Acoustic guitars are used in a variety of genres. Because of the long history of the acoustic guitar, there are many different kinds; some kinds are rarely considered guitars, such as the ukulele. The body of the guitar is large and hollow, allowing the sounds to resonate and providing a natural means of amplification. The sound of the acoustic guitar is characterized partly by a weak sustain, meaning notes will fade after being struck. However, some master-built classical guitars ("concert guitars") feature very good sustain and excellent overall performance.
Acoustic guitars are often used in performance. When the performance is in a personal setting or in an amphitheater an acoustic guitar can often be heard with no amplification. In most other performance scenarios amplification is required for the audience to be able to hear the guitar well. An acoustic guitar can be amplified by placing an amplified microphone near (possibly within several inches) the soundhole of the guitar or by installing an electric pickup in the guitar. An acoustic guitar with an installed electric pickup is not considered an electric guitar.
When we refer to acoustic guitars, we usually think of the 'flat top' guitar, with a distinctive soundhole. They are usually bigger than classical guitars(described below), and feature a somewhat thinner neck and metal(steel) strings. They come in a variety of sizes, from the smaller 'parlour' and 'concert' sizes, to the larger 'dreadnought' and 'jumbo' sizes with the most typical being the 'dreadnought'. They have a distinctive warm (although sometimes metallic) sound and can be strummed for playing rhythm in a wide range of popular music genres, including country, pop and rock, or played 'fingerstyle' for country blues, ragtime and folk. A plectrum or 'pick' can be used, for instance in the bluegrass 'flatpicking' style.
Unlike the electric guitar, the traditional acoustic guitar is not dependent on any external device for amplification. The shape and resonance of the guitar itself creates acoustic amplification. However, the unamplified guitar is not a loud instrument, that is, it cannot "compete" with other instruments commonly found in bands and orchestras, in terms of sheer audible volume. Many acoustic guitars are available today with built-in electronics to enable amplification.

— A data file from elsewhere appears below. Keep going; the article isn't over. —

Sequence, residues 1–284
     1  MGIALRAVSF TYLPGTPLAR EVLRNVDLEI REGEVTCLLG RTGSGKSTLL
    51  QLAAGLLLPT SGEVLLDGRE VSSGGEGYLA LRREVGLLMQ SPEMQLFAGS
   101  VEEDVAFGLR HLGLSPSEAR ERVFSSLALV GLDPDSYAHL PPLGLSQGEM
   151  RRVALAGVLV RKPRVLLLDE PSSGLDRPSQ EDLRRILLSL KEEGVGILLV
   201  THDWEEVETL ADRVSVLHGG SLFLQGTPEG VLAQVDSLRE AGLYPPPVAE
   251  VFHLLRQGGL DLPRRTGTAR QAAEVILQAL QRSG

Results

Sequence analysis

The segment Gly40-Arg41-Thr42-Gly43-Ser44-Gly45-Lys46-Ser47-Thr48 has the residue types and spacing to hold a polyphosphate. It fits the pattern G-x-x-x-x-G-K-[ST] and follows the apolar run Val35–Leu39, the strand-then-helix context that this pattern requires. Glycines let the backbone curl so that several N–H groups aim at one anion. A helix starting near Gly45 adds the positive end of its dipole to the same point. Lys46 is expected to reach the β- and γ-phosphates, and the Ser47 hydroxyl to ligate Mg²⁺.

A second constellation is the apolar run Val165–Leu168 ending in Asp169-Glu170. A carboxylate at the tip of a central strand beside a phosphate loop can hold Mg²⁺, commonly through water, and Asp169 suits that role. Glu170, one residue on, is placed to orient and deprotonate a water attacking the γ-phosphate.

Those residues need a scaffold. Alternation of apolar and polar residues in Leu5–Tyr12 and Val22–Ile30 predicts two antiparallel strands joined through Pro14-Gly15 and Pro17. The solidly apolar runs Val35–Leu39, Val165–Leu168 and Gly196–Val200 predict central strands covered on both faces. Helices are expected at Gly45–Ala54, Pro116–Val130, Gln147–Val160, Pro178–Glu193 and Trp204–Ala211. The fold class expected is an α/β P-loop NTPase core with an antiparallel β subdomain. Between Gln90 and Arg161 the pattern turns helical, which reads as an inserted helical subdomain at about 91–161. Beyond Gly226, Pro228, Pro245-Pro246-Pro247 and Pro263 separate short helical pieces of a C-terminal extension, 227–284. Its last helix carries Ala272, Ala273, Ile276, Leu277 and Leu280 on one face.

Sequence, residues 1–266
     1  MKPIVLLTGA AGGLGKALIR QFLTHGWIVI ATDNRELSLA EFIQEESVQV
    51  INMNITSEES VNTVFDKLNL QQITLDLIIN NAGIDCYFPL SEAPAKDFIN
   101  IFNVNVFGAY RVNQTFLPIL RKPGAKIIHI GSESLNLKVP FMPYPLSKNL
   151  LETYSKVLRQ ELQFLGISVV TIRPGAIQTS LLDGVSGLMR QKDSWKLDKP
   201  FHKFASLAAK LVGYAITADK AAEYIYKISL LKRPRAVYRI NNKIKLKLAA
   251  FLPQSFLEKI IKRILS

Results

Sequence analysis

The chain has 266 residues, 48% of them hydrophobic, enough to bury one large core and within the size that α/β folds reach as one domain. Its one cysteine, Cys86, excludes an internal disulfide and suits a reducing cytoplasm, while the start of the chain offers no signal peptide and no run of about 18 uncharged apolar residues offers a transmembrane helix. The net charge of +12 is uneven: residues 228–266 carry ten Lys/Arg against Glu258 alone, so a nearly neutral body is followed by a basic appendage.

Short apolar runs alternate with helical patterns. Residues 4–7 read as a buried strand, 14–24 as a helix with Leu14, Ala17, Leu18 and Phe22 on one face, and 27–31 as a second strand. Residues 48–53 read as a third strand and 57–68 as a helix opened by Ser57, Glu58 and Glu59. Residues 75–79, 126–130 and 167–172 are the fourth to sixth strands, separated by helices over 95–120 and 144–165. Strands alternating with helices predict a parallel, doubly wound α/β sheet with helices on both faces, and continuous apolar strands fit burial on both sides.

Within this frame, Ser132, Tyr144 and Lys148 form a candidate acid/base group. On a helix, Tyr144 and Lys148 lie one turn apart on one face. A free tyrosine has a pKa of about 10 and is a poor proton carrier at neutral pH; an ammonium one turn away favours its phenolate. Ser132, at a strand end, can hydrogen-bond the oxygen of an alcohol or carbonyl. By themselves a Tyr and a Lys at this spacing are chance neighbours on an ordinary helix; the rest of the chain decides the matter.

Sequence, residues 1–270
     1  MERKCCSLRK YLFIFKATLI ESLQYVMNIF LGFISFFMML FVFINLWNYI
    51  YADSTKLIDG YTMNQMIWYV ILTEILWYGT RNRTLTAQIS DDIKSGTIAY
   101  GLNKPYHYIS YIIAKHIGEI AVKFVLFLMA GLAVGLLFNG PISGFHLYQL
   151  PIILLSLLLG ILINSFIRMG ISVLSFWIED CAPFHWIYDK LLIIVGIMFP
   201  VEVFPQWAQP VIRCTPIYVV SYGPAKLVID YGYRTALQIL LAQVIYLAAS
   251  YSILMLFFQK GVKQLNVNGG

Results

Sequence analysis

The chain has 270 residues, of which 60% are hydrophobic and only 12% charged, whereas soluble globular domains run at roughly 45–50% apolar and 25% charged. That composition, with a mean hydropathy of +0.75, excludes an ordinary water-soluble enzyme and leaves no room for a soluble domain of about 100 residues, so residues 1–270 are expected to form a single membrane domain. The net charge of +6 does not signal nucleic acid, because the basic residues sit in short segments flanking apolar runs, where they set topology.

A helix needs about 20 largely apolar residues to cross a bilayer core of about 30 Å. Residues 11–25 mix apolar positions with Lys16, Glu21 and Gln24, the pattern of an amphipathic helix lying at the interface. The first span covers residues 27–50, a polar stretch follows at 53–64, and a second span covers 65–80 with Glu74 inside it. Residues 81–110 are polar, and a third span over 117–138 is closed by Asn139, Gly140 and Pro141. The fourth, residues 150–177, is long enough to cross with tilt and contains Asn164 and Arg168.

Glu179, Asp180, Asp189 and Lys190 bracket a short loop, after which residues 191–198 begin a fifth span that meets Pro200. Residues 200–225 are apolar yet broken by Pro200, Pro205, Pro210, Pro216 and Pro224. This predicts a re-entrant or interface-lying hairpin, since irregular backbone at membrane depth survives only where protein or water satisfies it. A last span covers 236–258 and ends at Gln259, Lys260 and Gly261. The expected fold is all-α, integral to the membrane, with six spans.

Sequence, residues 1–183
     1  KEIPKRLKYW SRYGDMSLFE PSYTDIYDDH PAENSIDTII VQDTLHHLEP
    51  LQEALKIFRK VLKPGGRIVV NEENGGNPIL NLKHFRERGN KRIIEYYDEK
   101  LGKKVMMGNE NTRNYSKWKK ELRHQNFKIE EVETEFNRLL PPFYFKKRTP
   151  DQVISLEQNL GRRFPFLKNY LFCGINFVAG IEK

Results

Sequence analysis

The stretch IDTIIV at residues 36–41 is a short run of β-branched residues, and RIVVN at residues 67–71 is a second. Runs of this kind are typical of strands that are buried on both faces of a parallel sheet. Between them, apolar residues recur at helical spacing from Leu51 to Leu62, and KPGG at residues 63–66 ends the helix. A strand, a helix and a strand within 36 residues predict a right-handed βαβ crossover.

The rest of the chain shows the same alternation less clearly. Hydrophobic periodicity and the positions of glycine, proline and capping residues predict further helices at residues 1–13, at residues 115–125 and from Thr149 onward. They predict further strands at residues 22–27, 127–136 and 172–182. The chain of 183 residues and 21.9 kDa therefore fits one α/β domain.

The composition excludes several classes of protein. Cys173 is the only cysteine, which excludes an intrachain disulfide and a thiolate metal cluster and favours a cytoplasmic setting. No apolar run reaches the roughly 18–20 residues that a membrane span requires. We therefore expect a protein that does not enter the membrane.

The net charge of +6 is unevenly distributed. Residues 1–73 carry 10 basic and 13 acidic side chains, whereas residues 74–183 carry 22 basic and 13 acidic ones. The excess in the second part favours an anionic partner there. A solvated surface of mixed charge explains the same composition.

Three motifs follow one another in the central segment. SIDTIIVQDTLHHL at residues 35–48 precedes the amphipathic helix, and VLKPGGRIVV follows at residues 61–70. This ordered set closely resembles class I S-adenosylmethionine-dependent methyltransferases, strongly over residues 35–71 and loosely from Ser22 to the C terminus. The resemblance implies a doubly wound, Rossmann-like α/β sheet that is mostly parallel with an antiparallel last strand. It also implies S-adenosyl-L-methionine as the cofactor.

The electric guitar is the workhorse of rock music, but has its uses in other genres such as blues, jazz and pop music. While an acoustic guitar can be played right off the rack, an electric guitar requires amplification (It is possible to hear an electric guitar without amplification for the purposes of practicing, but it will be much quieter than an acoustic guitar, and electric guitars are never played this way in performances.) The sound of an amplified electric guitar is very different from that of an acoustic guitar, even when no effects or distortion are used - the pickups and amplifier define the guitar's sound to a large extent. Like the acoustic guitar, the electric guitar has a poor sustain. However, amplification and especially overdrive will increase the apparent sustain, and feedback can allow a note to be sustained indefinitely, even for several minutes.
Technically speaking an electric guitar is any guitar with an electromagnetic pickup to amplify the sound created by the vibration of the strings. Electric guitars come in a variety of shapes and sizes which are not always limited to the acoustical qualities of the shapes and thus can be more comfortable to play. Electric guitars are typically easier to play since the strings usually are much thinner (the strings do not have to resonate as much as with an acoustic), and are closer to the neck, requiring less force to press them down. The multitude of variations amongst these guitars allow them to have a vast variety of different tones. The two most popular basic shapes of electric guitar are the Stratocaster style and the Les Paul style. Most electric guitars are solid body create very little sound on their own and therefore require an amplifier for all performance purposes.
Solid Body guitarsEdit
The typical electric guitar is a solid body guitar. They are called solid body because they are made from one solid piece of wood(or several pieces of wood glued together) and have no soundhole or obvious body cavities. With no soundhole to project the sound they make very little sound on their own and therefore require an amplifier for all performance purposes.